Read full InnerFidelity review here.

Denon AH-D5000 ($499)
WoF_photo_Denon_AHD5000This headphone is retired due to being discontinued in mid-2012. Denon replacement headphones were not up to snuff, in my opinion.

While the significantly more expensive D7000 ($799) sounds slightly better, I feel the D5000 delivers far more value for money. This is a luscious sounding headphone that delivers audio fidelity that will satisfy audiophile and audio pro alike. Though the bass is slightly loose, and highs slightly bright, these are minor quibbles given the poor performance of most sealed headphones.

The big problem with the Denon AH-D5000 (and D7000 and D2000) is that they don't isolate very well at all, and while the build quality is quite good, they are not a rugged headphone. As a result, I do not recommend these cans for studio musician and portable applications where isolation and durability are likely important. But for home/office use where some isolation is useful, and were very good performance is desired, the D5000 is an excellent headphone.

Read ful InnerFidelity review here.

AKG K550 ($349)
WoF_photo_AKG_K550This headphone was retired due to the introduction of the UE6000, which I feel is a significantly more balanced sounding headphone. The slightly artificial sounding treble in the K550 became quite obvious in comparison.

A great all-around performer! While not quite having the sonic finesse of the Denon sealed cans, the AKG K550 has a very well balance sound across the board. Some will complain they are thin and strident, but I've found that difficulty getting a good fit and seal on the head is the likely culprit. Once fitted to your head properly these deliver very good sound quality, indeed.

The isolation is also very good on these headphones, which are well suited to listening in moderately loud environments. The comfort is excellent, as is the build quality and styling.

For most audio pros, musicians, and audiophiles who are in search of a great all-around sealed headphone, the AKG K550 would be my top recommendation. I love these cans!

Full InnerFidelity review here.

Denon AH-D2000 ($349)
WoF_photo_Denon_AHD2000This headphone is retired due to being discontinued in mid-2012. Denon replacement headphones were not up to snuff, in my opinion.

For a long time this was my top recommendation for audio professionals needing some isolation. While the AKG K550 mentioned above is better as an all-around sealed headphone, the Denon AH-D2000 bests it in terms of clarity in the treble. These headphones are wonderfully resolving and coherent, with a slight tendency to be a tad bright.

Comfort and build quality is excellent, but due to their somewhat fragile design should not be used in rough-and-tumble applications. Isolation is poor, so those listening in louder environments should look elsewhere. But if you're looking for excellent performance with some isolation at this price point, the AH-D2000 is an excellent choice.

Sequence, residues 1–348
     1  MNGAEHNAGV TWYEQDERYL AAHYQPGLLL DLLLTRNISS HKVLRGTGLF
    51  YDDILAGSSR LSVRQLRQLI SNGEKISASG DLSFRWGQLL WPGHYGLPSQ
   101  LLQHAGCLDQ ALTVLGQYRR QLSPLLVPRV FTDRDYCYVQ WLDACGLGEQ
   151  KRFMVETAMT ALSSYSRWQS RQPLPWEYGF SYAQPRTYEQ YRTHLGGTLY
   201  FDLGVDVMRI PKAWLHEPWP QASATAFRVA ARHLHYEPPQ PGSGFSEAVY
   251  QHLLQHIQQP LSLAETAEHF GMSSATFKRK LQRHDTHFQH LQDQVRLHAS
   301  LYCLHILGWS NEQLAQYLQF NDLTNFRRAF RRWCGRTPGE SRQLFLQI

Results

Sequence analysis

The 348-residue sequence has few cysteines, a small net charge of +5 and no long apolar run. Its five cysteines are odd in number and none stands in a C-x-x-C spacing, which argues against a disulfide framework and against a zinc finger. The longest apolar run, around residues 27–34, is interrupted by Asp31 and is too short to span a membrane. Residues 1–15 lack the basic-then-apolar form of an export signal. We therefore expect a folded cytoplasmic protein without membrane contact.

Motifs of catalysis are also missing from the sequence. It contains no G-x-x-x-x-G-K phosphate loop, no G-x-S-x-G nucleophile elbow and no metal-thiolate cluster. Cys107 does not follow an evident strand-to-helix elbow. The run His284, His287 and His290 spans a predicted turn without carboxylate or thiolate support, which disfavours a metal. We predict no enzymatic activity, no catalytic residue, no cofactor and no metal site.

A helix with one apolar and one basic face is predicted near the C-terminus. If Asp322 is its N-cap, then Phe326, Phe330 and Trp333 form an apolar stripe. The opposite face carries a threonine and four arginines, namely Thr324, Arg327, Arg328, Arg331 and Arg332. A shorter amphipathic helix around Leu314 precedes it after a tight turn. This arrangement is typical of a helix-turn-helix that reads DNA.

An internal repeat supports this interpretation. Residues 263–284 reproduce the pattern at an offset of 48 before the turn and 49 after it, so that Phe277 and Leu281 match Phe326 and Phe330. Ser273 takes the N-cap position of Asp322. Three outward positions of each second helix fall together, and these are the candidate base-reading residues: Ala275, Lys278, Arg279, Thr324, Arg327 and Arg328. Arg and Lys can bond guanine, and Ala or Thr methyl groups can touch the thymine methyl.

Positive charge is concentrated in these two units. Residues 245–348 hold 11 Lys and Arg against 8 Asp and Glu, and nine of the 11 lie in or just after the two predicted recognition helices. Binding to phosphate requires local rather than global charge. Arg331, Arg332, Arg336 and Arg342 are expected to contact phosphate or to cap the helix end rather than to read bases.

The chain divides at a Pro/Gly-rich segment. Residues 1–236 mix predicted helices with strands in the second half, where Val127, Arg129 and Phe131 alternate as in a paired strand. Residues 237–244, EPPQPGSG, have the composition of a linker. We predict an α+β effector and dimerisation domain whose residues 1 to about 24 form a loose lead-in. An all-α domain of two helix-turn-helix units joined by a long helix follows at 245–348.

Read ful InnerFidelity review here.

Logitech UE6000($199)
WoF_photo_Shure_SRH840This headphone was retired from the Wall of Fame due to the Sennheiser Momentum coming out with a better sounding sealed headphone (the 6000 is a bit lacking in mid-to-upper treble), and the Sony MDR-1R arriving with roughly comparable sound quality, but better looks and ergonomics at the same price. Original copy follows.

With a slightly warm, but very well balanced character, the UE6000 has rapidly become one of my favorite full-size, sealed headphones...at any price. The styling, build quality, and isolation are excellent. It's also a noise canceling headphone, but the noise canceling is not particularly effective, and makes the headphones sound too bass-heavy and loose, and somewhat withdrawn in the mids. None the less, this feature may come in handy in loud environments where a little extra bass and treble presence may make movies and videos a bit more enjoyable.

I'd also recommend this headphone for audio professionals as the balance is so good, and it seems to be well built. I don't recommend using the noise canceling circuit in pro applications.

The headphones come with a soft carry case and headphone splitter. The cable has a three-button, Apple compatible remote.

Read full InnerFidelity review here.

Shure SRH840 ($199)
WoF_photo_Shure_SRH840This headphone was retired due to the better sounding UE6000 becoming available at the same price.

With a warm and comfortable sound, good isolation, and tank-like build quality, the Shure SRH840 is a top performer at this price point. Semi-pros, musicians, and audio enthusiasts looking for a headphone that will satisfy in moderately loud environments will love the SRH840.

Recordists should be aware of the slightly warm tilt to the sound of the SRH840 so as not to overly compensate with eq. Treble response is likewise slightly emphatic, giving these cans a slightly "happy," U-shaped listening experience.

While these headphone apear rather large and bulky, they are quite comfortable and appropriate for long listening sessions, though they can get a bit warm.

Share | |

X
Enter your InnerFidelity username.
Enter the password that accompanies your username.
Loading